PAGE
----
So, here's what I believe: from Finchley's window you're seeing the bottom of the back dogleg, here:



Which is lower than the shots from Indestructible Man, because they shot it from the landing just around the back (where, I believe, that shot from the LAPL [above] came from). Of course, the shots from IM were pretty high up -- look how they tower over the cop car.

The landing around the back, at the base of the first dogleg (I'd say it was shot through this window, but this window is too wide and squat to be Finchley's tall slender double-hung):



Ok. That's my theory.
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  #1372  
Old Posted May 27, 2010, 2:02 AM
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LAPL
Pickfair, post-Phillips, pre-final Wallace Neff makeover.

Quote:
Originally Posted by gsjansen View Post
... on second thought, i'm going to have to say that the googlemaps photo is of a different building that was inspired by the house built in Berkeley Square. There are quite a few details that are different between the two structures.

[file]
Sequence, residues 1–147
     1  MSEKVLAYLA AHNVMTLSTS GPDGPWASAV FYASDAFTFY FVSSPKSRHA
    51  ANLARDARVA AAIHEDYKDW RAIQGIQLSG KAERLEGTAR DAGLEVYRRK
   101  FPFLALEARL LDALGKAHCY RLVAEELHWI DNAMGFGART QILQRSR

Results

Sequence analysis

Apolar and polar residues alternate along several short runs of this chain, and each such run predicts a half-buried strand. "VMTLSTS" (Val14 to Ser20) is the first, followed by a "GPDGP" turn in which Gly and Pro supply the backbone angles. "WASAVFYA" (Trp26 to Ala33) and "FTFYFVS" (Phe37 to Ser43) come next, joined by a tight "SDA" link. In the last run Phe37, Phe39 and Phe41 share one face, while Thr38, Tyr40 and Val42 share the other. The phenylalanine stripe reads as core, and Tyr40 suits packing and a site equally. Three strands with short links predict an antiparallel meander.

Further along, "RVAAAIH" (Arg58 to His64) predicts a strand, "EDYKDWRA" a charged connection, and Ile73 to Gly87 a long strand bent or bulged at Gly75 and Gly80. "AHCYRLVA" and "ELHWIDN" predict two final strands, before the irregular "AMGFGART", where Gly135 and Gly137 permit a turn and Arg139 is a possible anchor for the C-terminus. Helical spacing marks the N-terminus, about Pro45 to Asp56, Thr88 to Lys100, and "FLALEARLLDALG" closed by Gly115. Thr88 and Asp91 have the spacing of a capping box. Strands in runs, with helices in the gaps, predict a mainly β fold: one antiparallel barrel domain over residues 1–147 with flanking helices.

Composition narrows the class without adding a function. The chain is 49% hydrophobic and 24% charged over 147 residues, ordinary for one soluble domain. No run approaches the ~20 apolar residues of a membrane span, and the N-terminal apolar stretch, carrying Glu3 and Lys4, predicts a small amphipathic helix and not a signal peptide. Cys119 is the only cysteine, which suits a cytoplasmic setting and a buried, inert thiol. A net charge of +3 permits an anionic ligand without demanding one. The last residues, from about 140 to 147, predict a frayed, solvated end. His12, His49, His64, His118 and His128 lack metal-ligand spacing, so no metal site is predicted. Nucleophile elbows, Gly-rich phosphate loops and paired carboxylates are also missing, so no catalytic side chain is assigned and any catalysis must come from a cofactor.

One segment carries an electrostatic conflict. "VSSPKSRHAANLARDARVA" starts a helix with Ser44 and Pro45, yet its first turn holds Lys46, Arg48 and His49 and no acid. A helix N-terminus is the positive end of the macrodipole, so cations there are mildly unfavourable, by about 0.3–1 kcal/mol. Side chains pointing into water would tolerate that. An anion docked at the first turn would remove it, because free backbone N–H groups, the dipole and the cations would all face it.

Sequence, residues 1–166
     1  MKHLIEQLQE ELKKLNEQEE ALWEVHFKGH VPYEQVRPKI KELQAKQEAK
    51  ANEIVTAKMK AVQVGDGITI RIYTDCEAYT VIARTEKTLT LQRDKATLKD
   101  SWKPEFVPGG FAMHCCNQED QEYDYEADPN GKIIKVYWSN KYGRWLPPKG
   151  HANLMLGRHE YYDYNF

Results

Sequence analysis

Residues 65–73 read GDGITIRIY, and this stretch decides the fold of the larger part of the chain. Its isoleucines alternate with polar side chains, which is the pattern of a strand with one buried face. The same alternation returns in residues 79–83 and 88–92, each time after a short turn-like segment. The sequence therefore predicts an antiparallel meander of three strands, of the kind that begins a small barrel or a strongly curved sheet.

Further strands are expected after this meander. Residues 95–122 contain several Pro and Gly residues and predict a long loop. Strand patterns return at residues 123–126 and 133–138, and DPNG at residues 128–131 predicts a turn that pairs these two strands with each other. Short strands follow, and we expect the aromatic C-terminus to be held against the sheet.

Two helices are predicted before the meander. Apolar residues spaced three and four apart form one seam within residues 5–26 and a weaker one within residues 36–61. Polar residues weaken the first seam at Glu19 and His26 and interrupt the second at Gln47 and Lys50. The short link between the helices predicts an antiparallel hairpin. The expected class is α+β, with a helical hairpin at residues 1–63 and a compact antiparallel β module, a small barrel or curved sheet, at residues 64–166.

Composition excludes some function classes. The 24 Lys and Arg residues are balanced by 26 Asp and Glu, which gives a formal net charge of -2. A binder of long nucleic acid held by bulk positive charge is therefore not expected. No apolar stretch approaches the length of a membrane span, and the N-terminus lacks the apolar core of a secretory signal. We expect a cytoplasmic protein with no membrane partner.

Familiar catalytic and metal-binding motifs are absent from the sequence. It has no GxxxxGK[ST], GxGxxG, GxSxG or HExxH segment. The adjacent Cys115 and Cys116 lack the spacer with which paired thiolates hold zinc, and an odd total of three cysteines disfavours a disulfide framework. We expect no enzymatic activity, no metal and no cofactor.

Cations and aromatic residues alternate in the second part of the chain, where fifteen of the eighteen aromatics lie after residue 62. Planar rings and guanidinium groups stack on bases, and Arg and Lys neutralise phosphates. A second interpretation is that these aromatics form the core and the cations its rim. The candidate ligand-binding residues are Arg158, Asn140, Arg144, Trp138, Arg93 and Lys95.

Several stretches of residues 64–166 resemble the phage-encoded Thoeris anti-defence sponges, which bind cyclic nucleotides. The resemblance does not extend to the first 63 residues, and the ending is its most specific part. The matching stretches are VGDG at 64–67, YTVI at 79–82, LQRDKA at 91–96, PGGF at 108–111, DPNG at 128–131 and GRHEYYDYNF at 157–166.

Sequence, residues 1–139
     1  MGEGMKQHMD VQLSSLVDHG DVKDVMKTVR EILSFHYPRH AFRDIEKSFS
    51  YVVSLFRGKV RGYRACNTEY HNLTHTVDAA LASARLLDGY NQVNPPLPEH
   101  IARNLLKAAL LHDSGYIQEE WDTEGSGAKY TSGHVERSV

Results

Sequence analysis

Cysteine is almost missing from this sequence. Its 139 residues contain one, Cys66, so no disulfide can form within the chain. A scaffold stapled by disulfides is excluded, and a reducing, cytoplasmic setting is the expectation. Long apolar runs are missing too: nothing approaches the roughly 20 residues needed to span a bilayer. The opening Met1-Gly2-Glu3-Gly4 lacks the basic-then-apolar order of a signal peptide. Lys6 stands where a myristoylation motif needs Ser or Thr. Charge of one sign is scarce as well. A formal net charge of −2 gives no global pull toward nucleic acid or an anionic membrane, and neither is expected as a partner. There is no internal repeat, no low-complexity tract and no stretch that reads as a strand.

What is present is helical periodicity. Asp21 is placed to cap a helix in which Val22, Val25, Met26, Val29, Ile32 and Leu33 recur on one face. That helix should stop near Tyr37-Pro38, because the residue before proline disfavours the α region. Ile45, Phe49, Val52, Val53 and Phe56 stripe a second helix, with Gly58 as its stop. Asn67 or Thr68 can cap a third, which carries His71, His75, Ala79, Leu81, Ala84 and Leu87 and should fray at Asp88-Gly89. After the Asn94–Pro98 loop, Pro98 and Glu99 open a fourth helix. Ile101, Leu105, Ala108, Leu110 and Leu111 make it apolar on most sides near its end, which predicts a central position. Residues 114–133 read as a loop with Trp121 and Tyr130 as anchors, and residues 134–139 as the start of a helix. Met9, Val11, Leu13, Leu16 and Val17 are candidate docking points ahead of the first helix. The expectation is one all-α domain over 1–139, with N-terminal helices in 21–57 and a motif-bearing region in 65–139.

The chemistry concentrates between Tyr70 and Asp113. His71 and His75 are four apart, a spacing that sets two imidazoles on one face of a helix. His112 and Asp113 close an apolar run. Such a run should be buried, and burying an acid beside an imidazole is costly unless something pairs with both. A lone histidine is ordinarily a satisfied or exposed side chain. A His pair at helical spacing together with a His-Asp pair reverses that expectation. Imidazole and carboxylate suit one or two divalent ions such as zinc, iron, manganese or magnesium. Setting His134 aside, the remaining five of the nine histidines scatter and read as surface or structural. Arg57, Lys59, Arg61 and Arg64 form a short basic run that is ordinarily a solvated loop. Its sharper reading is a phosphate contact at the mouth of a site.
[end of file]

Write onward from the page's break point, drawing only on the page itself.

While it might be another Corbett concrete design for the Robertses, I definitely don't think that the 21st St. house is the same one in the photo you posted--thank you for doing that, btw. I think the Robertses sold their Berkeley Square house early, as I said. I've found a good deal of information on all of the families, in periodicals, club records, various "who's who" types of books, even records of my own college fraternity, and there is a lot of conflicting detail, especially when it comes to addresses. C. Wesley Roberts was apparently the Wesley Roberts of a sizable and eponymous L. A. construction firm in the "oughts"--perhaps he commissioned the house from Corbett and then his son J. Wesley moved in, before moving on to 21st St. It would require alot of research using, for example, telephone books for every year of the lifespan of Berkeley Square to track all the occupants--this wouldn't really be that hard if one lived in L.A. and was even more obsessive than myself. But even then there would be conflicting information. One item that caught my eye in my pokings around was that attorney Lee Phillips of #4 (lots 28, 29, 30) was the original builder of Pickfair, eventually selling it to Doug and Mary. According to his great-granddaughter, it was not a hunting lodge, as is widely written. (So if Mr. Phillips lived on Berkeley Square and this wasn't a hunting lodge...what exactly was Mr. Phillips up to in the Hills of Beverly while the Mrs. had all her parties, including her annual doll auction for Children's Hospital?) Anyway, Doug and Mary remodeled the house several times, including at least once employing the great Wallace Neff, and it took the very talented and tasteful Miss Pia Zadora to destroy it. Thank you, Pia.